President Barack Obama and Cuban head of state Raúl Castro announced in December they would take steps to restore diplomatic relations for the first time since 1961. The U.S. eased travel restrictions somewhat, though the embargo has yet to be lifted and outright tourism remains forbidden.
Even so, U.S. tourism to the island is expected to grow, according to the Associated Press.
Some opponents of the Castro regime insist that traveling to Cuba does nothing more than prop up the Communist government with tourist dollars. But to much of the rest of the world, Cuba is just another country and visiting it doesn't imply a breach of ethics. On top of that, Cuba's unique history has left it somewhat paralyzed in time and walking around Havana or Trinidad is a truly unique experience for any visitor.
Here are 10 reasons to visit Cuba.
There's music on every corner
Cuba is well known for its thriving music scene. Street musicians are found on every corner, and because it's a state-licensed job, those who stop to listen are expected to pay. You can also visit various music clubs, from the famous jazz club La Zorra y El Cuervo to Casa de la Música in Havana. You will hear everything from Cuban Son, made internationally famous by Buena Vista Social Club, to rock, to hip hop, to nueva trova on the island.
Beautiful historical sites
Cuba is full of interesting historical sites. The town of Trinidad, a UNESCO world heritage site since 1988, is one of the greatest collections of colonial architecture in the Americas. Morro Castle in Havana is another impressive historical site. It is a fortress built in the 16th century to help defend the bay from attacks. If you’re interested in more recent Cuban history you can visit the monument of Ernesto Che Guevara in Santa Clara. The revolutionary’s remains are in a mausoleum below the statue.
The old-school cars
New cars are difficult to acquire in Cuba due to the trade embargo, Cuba's lack of an auto industry and low wages. Consequently, Cubans have been forced to use some creativity to keep old American cars from the 1950s up and running. It's become an emblematic image of Cuba, giving the sensation of traveling back in time. A lot of the vehicles have been repainted and fixed with spare parts from other cars so many times they’ve become unrecognizable.
The untouched coral reefs...
Cuba's waters offer a variety of scenery to divers, from shipwrecks to untouched reefs. Los Jardines de la Reina (The Queen’s garden) has some of the healthiest coral in the Caribbean, according to Diver Magazine. These groups of small islands and reefs are 60 miles off the coast of Cuba and have remained practically untouched for 60 years.
...as well as historical hikes.
La plata mountain trail in the Sierra Maestra mountain range is a trek to Fidel Castro's rebel headquarters during the Revolution. The four-hour hike leads to La Comandancia La Plata, where Castro and the rebels lived. The site includes a small hospital structure, a museum and Castro's living quarters.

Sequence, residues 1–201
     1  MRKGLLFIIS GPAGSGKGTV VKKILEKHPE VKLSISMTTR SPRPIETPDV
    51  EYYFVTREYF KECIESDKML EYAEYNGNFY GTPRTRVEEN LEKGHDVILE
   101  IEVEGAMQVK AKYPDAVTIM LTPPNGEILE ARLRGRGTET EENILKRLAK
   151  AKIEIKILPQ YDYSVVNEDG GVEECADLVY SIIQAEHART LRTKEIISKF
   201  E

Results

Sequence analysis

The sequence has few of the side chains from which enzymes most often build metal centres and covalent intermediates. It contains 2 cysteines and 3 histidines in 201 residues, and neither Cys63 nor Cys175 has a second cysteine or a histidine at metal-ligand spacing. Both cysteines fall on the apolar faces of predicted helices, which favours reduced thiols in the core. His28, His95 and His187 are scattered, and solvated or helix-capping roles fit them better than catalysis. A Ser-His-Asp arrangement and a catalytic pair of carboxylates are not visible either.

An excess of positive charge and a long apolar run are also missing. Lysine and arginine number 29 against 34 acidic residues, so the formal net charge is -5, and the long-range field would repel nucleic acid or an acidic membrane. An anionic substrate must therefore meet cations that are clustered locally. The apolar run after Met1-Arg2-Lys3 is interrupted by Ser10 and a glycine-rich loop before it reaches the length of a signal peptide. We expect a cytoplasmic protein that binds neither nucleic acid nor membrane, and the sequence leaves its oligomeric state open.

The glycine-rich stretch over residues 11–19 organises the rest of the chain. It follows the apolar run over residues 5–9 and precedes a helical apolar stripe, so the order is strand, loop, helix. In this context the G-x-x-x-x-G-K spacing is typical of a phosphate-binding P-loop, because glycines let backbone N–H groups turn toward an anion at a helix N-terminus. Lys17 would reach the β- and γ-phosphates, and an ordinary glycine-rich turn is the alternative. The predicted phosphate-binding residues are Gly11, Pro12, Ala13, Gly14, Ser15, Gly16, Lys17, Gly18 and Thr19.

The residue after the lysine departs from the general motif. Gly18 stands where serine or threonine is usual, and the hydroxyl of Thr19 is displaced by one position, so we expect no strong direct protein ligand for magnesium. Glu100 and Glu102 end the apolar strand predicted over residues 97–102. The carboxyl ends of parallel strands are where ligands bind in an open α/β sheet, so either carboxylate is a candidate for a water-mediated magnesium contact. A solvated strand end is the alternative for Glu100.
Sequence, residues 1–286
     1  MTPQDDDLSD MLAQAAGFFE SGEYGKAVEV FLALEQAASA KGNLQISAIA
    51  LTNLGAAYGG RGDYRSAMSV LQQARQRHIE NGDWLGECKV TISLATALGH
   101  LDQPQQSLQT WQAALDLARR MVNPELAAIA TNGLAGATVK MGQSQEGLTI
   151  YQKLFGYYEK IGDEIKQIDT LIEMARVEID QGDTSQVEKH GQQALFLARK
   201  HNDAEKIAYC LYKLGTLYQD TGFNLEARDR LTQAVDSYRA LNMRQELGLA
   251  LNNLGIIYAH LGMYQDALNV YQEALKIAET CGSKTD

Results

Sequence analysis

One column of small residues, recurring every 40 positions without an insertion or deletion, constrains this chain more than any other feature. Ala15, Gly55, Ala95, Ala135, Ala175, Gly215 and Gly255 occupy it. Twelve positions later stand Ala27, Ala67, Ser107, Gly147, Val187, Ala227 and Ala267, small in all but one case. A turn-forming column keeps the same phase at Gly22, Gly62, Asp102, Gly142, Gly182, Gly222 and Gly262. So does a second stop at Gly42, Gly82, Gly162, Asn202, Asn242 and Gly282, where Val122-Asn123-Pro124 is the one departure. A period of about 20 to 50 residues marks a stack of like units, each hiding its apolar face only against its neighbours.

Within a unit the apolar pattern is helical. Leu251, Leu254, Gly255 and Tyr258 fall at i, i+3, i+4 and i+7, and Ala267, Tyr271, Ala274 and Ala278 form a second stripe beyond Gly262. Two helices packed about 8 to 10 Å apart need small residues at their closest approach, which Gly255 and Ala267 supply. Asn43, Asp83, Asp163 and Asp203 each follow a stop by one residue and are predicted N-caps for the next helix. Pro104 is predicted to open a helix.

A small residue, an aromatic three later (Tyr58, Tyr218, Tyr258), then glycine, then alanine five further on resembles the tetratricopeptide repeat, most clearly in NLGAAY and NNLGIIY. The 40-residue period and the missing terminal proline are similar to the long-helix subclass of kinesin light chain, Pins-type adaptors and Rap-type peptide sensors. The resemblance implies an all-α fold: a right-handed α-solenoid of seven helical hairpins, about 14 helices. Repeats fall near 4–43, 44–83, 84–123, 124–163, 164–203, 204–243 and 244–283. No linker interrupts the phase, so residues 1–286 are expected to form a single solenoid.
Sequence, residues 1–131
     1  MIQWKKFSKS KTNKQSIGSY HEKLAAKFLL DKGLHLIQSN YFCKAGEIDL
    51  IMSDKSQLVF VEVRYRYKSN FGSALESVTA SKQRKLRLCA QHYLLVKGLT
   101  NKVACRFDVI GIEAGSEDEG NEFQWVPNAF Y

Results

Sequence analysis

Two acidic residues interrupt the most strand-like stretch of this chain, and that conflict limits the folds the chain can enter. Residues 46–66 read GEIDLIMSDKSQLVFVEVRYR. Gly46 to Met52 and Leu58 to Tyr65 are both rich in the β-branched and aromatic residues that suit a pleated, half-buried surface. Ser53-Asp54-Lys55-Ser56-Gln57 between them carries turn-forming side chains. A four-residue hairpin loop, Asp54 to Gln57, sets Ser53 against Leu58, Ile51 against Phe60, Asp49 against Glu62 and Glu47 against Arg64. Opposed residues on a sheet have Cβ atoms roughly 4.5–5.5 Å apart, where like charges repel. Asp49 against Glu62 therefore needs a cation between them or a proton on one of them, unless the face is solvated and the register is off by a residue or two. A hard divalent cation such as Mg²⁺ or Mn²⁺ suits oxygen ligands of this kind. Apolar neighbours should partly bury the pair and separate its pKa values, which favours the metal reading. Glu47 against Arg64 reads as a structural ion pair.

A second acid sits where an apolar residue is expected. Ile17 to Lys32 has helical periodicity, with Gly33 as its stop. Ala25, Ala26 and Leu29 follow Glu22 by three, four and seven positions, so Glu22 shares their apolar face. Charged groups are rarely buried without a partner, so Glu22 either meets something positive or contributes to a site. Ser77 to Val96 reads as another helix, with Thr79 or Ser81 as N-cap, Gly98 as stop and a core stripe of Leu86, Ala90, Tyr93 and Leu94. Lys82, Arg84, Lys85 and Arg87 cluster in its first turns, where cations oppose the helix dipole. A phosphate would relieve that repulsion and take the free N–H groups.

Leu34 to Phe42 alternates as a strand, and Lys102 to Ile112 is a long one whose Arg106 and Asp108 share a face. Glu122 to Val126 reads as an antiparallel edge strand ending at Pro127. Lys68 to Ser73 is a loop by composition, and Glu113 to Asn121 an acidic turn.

Paladares are privately run restaurants in Cuba that have opened up the island's notoriously stagnant culinary scene. They started in the early 1990s during the post-Soviet economic crisis, when the Cuban government was forced to allow some private businesses to run, according to The New York Times. Before this, government-owned restaurants offered a somewhat lackluster culinary experience. Now, following Raúl Castro’s economic reform program in 2010 and the tourism industry's steady rise, the largely family-run paladares have evolved to become an attraction for foreign visitors.
For the love of baseball
Cuba is well known for its love of baseball, as it's the island's national sport. Experiencing a game at the Latinoamericano stadium also gives the feeling of going back in time. It's the largest stadium in Cuba and the only one that has a small booth selling shirts and caps. Food is limited to peanuts, fruits and ham sandwiches. Yet Cuban fans' enthusiasm creates a fun atmosphere.
The impressive cave system
The Caverna de Santo Tomás is the biggest cave system in Cuba, covering over 45km. It's a great place for professionals and amateurs alike as there is a guided 90-minute tour through 1km of the cave. It's not yet overrun with tourists, making the visit more enjoyable.
Because it's now easier to go there..
When the Obama administration took measures to open up relations with Cuba, it made travel to the island somewhat easier. Americans traveling for any of the 12 permitted categories of travel -- including family visits, government business and cultural exchanges -- no longer have to ask permission from the U.S. Treasury before going. Popular travel site Kayak.com recently posted information about flights and hotels in Cuba, even though you still can't book them directly on the site.
but it's still kind of forbidden.
To be able to go to Cuba, Americans still need to look over the rules and see if they qualify for any of the 12 categories of travel permitted under a "general license."
"As long as with integrity they can say they're going to engage with the Cuban people and learn about Cuba and talk about the United States then they don't have to do anything other than say that's what they're doing," John McAuliff, executive director of the Fund for Reconciliation and Development, told the Associated Press. The restrictions make visiting the island an even more unusual experience.